From snakes to flamingoes to kangaroos to vultures, nothing is safe any more. A surge of rustling in French zoos and safari parks has left owners and keepers asking how long it will be before someone walks off with an elephant.
"Animal traffickers are taking everything these days," said Michel Louis, director of the Amnéville zoo in Moselle in northern Lorraine. "I have the only zoo in France protected by watchmen all night, but that didn't stop them. They stole 12 Chilean pink flamingoes. Only the lions are safe. Elephants are only a matter of time."
Similar incidents have been reported at zoos the length and breadth of France in recent weeks. Penguins were stolen from a zoo at Les Sables d'Olonne in Vendée on the Atlantic coast; parrots and monkeys vanished at Aix-en-Provence in the south and tamarin monkeys, falcons, a vulture and kangaroos disappeared from Saint-Aignan-sur-Cher in the centre of the country.
Police and zoo-keepers blame unscrupulous animal traffickers, operating on behalf of private collectors. Tighter controls on the export of wild animals from their countries of origin have made zoos a tempting target.
Some rare breeds of parrots can be sold on the black market for €20,000 (£14,000) each. Pink flamingoes fetch up to €3,000. Some of the rarer kinds of snake go for up to €10,000 each. Even a tiny Madagascar turtle - which you could slip into your pocket - can command prices of up to €10,000.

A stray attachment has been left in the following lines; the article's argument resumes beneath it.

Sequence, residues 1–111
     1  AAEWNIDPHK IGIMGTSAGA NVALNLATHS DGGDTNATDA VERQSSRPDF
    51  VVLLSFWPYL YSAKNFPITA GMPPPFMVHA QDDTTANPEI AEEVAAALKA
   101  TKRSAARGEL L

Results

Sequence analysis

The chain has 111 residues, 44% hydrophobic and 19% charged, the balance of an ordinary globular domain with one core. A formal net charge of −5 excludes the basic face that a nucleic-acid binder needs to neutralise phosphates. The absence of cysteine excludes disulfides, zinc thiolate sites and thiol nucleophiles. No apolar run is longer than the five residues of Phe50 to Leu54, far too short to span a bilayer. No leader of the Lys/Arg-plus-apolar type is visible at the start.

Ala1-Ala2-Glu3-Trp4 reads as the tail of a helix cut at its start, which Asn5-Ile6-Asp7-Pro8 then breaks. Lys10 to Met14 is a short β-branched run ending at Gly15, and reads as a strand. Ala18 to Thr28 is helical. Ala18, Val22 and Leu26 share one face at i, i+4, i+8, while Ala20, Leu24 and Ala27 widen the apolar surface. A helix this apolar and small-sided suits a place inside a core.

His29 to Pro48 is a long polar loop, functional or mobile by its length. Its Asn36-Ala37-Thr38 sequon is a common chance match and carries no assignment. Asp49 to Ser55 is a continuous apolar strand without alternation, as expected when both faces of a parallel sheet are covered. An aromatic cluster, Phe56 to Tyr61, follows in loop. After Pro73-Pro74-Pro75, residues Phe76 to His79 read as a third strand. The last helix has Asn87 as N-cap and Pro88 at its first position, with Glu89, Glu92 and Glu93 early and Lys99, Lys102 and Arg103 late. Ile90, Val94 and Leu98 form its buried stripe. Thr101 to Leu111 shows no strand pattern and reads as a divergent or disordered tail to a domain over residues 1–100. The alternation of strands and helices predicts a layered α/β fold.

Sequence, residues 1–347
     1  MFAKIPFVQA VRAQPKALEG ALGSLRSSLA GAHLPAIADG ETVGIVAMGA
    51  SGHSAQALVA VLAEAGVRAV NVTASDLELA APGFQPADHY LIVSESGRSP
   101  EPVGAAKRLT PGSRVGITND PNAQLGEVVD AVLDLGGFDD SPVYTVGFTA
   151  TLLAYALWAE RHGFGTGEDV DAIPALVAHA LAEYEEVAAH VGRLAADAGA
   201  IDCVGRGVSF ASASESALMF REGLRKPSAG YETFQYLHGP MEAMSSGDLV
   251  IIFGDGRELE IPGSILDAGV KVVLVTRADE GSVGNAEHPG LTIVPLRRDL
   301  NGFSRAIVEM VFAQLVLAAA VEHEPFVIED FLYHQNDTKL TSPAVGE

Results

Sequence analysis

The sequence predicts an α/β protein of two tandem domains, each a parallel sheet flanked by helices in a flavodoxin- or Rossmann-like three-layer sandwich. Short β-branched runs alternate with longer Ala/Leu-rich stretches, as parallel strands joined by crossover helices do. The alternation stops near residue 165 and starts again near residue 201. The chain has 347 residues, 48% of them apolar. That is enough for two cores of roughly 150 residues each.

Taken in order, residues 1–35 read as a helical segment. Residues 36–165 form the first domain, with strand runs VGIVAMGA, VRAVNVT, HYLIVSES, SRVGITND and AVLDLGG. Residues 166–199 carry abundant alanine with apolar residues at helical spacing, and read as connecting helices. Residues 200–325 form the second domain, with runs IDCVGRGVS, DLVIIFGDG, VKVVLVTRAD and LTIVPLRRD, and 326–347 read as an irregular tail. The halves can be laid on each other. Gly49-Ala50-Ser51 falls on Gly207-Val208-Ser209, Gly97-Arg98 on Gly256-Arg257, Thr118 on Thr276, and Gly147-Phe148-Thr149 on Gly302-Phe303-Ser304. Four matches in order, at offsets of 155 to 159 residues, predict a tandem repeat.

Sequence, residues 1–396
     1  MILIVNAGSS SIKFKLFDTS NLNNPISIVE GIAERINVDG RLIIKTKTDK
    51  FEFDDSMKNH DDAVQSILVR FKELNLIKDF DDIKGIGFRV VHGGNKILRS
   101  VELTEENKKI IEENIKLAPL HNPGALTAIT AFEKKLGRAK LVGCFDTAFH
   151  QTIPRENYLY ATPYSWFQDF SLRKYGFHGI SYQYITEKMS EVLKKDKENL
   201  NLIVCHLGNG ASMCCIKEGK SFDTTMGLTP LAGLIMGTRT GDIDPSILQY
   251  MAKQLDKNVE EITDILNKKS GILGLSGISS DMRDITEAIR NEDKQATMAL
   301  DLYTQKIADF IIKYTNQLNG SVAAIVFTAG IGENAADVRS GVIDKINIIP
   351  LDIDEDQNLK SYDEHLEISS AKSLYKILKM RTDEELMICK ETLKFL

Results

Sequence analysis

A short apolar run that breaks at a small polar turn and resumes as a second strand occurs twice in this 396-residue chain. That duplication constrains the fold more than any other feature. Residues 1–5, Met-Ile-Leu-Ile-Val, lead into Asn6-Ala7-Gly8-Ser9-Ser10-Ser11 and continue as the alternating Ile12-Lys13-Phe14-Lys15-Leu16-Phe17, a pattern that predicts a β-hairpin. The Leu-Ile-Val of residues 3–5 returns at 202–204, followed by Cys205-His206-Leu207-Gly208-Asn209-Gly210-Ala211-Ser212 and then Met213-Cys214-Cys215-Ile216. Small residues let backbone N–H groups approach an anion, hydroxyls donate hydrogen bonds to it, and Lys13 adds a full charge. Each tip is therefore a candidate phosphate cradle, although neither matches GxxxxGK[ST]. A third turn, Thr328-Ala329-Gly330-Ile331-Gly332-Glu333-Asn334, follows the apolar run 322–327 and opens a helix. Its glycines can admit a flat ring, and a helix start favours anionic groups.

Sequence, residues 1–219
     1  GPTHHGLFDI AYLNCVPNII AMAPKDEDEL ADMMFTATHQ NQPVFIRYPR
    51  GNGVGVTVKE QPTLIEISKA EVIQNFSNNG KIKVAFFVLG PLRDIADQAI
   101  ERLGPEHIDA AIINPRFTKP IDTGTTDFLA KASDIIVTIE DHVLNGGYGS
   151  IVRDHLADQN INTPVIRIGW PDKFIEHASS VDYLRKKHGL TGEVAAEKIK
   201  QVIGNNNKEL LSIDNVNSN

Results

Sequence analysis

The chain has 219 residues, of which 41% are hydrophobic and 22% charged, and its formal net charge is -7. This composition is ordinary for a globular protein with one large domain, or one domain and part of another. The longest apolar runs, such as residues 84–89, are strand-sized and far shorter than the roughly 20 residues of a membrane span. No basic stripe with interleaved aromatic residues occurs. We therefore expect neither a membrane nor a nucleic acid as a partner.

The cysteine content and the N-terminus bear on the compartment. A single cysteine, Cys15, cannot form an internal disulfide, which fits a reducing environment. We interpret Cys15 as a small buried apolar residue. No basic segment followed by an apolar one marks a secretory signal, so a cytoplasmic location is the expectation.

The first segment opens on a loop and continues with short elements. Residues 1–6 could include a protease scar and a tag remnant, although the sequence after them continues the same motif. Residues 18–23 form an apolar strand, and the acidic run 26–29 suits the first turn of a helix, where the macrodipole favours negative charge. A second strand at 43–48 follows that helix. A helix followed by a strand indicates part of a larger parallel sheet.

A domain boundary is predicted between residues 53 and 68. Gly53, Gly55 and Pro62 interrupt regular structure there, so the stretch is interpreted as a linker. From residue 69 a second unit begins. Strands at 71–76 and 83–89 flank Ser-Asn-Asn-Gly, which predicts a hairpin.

According to a rumour circulating in the French zoo community, the plague of rustling this year may be linked to an attempt by an Arab prince to create a private zoo in the grounds of his villa in northern Italy. French police say that there is not one buyer but scores of them, providing custom for rustling gangs based in Germany and Belgium.
Most zoos are designed to keep animals in rather than to keep human intruders out. In the case of the Lorraine zoo, the thieves broke through the outer perimeter at night and virtually demolished the flamingo house to get at the birds.
"What makes me sick is that flamingoes are very nervous birds which cannot stand any stress," said M Louis, the zoo director. "Some of them are sure to have died of heart attacks while being carried away."
To improve security, French zoos are hiring armed guards and installing powerful lights and alarms. The police are also encouraging zoos to implant tiny electronic homing devices under the skin of all valuable animals in their collections.Reuse content